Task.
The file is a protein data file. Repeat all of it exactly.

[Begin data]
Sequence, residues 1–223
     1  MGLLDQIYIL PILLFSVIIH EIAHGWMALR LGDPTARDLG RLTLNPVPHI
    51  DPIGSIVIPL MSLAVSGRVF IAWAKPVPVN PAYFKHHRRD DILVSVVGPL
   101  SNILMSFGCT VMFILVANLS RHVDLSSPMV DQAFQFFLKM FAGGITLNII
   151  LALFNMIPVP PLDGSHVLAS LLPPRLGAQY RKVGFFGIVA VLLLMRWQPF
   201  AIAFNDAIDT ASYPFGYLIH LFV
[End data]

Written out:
Sequence, residues 1–223
     1  MGLLDQIYIL PILLFSVIIH EIAHGWMALR LGDPTARDLG RLTLNPVPHI
    51  DPIGSIVIPL MSLAVSGRVF IAWAKPVPVN PAYFKHHRRD DILVSVVGPL
   101  SNILMSFGCT VMFILVANLS RHVDLSSPMV DQAFQFFLKM FAGGITLNII
   151  LALFNMIPVP PLDGSHVLAS LLPPRLGAQY RKVGFFGIVA VLLLMRWQPF
   201  AIAFNDAIDT ASYPFGYLIH LFV